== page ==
• In yet another survey, tech app Blind found that 92% of tech workers rate their current companies as LGBTQ friendly. In honor of Pride Month, 2,475 people participated in the study, and Blind narrowed down the results to the top 13 major companies. Ninety-eight percent of respondents found social media site Pinterest to be LGBTQ friendly, while Airbnb, which came in last on the list, still finished at 87%. Nearly all 13 companies are headquartered in the very LGBTQ-friendly Bay Area, so we think that might make a difference. (See WiCipedia: Facebook's LGBT Stats, Broettes & 'Tiny Lady Hands' and WiCipedia: A Female-Only Island, Gender Quotas & Twitter's Oprah.)

    — Eryn Leavens, Special Features & Copy Editor, Light Reading

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    Joe Stanganelli
    Joe Stanganelli
    7/9/2018 | 8:27:03 PM
    Re: Female voices
    @kq4ym: And, on a separate note, I have heard (emphasis on *heard* -- this is pure hearsay) that dogs and other animals generally respond better to mens' voices than womens' voices.

    (FWIW, my parents' dog pays more attention to and dotes more on my dad than she does my mom. I acknowledge, however, that this is anecdotal and a subjective observation.)
    kq4ym
    kq4ym
    7/9/2018 | 8:30:15 AM
    Re: Female voices
    I would be interested to read more about the history of using male vs. female voices. I think I remember decades ago about some discusssion in the radio industry that male voices were used because they were easier to understand, especially as I recall in the international shortwave broadcasting world where reception was sometimes spotty because of static and interference to the radio signals. But, looking in hindsight maybe that was just a convenient excuse in those days to keep men employed almost exclusively as radio announcers?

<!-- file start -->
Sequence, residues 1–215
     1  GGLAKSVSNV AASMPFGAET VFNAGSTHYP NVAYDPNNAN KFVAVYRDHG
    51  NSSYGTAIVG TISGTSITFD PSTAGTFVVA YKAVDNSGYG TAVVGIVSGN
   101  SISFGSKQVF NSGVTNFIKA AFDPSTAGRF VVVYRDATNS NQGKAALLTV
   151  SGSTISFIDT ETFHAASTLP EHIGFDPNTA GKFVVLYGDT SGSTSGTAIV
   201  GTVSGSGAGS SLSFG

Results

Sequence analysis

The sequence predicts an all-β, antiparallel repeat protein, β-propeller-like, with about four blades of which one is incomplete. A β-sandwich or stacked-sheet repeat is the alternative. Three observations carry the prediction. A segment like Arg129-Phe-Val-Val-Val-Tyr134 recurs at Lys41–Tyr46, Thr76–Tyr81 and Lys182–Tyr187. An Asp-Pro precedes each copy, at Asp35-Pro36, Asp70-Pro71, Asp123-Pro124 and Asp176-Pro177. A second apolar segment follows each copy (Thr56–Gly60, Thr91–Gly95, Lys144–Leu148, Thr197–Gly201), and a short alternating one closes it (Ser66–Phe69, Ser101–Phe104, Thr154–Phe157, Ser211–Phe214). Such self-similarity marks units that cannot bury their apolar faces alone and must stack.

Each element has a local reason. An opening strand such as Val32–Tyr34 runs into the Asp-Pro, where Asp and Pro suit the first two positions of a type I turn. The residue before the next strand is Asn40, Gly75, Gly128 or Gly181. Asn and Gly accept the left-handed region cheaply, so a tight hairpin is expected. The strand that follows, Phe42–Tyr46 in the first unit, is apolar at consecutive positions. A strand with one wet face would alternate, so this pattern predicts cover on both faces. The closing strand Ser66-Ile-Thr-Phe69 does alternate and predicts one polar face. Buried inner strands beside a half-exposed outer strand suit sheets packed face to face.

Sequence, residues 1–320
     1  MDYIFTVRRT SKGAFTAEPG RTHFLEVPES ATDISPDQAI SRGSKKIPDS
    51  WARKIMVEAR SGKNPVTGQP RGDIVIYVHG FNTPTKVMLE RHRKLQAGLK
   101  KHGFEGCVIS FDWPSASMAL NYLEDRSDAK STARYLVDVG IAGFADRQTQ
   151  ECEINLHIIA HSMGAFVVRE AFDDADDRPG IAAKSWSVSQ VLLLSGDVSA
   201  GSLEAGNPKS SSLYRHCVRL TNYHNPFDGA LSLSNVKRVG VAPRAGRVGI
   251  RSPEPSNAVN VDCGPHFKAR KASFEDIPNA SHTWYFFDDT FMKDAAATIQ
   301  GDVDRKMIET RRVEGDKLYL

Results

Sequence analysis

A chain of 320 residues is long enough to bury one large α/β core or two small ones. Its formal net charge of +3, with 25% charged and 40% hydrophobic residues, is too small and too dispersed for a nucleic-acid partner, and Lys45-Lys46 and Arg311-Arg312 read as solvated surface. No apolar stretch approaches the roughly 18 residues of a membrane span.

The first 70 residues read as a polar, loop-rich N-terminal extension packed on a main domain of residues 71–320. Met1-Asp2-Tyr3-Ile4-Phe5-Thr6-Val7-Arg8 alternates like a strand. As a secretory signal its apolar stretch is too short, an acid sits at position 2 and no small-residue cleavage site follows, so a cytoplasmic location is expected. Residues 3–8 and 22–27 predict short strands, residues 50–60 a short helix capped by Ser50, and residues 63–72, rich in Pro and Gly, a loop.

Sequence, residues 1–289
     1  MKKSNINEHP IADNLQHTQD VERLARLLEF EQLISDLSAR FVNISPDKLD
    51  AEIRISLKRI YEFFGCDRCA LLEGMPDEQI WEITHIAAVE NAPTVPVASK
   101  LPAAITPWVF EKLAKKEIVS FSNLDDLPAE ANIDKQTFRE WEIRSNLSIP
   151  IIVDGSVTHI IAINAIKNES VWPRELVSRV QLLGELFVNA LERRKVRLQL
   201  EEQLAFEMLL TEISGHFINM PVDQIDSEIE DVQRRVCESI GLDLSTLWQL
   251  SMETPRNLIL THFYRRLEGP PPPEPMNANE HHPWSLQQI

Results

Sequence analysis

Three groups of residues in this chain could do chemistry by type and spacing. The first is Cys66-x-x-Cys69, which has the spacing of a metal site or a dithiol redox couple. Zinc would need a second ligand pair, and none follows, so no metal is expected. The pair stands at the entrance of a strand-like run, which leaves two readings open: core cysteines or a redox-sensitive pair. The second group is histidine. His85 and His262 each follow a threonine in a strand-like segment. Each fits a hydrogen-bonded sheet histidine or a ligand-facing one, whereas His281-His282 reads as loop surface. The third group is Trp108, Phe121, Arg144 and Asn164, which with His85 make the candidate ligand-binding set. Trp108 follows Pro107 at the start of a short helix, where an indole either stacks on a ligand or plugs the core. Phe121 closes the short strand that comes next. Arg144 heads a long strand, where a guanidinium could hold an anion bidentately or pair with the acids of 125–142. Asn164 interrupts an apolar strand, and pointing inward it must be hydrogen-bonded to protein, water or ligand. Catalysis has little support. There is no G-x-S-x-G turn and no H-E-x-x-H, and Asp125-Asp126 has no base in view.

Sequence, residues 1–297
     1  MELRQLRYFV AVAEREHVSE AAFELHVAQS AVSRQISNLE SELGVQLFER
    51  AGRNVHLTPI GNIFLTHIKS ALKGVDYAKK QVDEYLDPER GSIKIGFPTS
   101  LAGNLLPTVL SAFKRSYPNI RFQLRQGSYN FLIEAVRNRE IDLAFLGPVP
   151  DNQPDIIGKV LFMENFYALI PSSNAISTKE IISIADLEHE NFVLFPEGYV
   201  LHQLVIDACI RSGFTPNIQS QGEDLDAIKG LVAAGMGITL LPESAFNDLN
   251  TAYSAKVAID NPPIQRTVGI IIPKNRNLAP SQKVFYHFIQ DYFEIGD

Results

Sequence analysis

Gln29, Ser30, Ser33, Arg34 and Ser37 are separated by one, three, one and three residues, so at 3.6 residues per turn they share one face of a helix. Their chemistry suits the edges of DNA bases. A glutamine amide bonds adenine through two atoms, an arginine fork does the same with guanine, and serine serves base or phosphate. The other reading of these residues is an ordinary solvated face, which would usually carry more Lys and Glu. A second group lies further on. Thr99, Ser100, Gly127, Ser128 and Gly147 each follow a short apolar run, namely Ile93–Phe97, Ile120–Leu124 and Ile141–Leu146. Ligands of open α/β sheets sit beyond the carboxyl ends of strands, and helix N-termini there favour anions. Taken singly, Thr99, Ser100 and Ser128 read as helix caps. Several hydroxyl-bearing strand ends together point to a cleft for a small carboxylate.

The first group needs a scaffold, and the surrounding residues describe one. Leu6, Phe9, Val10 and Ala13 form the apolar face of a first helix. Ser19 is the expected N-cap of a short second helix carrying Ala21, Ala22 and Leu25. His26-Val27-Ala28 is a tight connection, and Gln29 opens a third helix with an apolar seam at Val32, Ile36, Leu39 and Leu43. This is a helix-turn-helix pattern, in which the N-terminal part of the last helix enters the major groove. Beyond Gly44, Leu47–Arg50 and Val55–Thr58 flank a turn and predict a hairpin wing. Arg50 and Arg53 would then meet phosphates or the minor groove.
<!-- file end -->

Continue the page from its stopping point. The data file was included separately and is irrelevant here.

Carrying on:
Joe Stanganelli
    Joe Stanganelli
    6/26/2018 | 11:05:20 PM
    Re: Female voices
    Sure -- and, interestingly, not necessarily male-driven culture.

    The old joke goes that the difference between men and women lies in their magazines... i.e., that men's magazines are full of pictures of attractive, not-fully-clothed women -- while women's magazines have pictures of...attractive, not-fully-clothed women.

    In any case, I think it'd be interesting to see what people choose for AI likenesses in the absence of defaults.
    ErynLeavens
    ErynLeavens
    6/25/2018 | 8:19:52 PM
    Re: Female voices
    That’s so interesting and does make sense scientifically. I’m sure there’s lots of logic behind using attractive female faces as well, though I’m not sure only doing that makes sense culturally now.
    Joe Stanganelli
    Joe Stanganelli
    6/24/2018 | 10:42:25 PM
    Female voices
    FWIW, from my recollection, the history of tending to use female voices for recordings and automated systems instead of male voices (going all the way back to that "At the tone, the time will be..." phone number) is a purely functional choice -- specifically, because of research suggesting that typically higher female voices and their enunciations are more easily heard than those of typically lower male voices.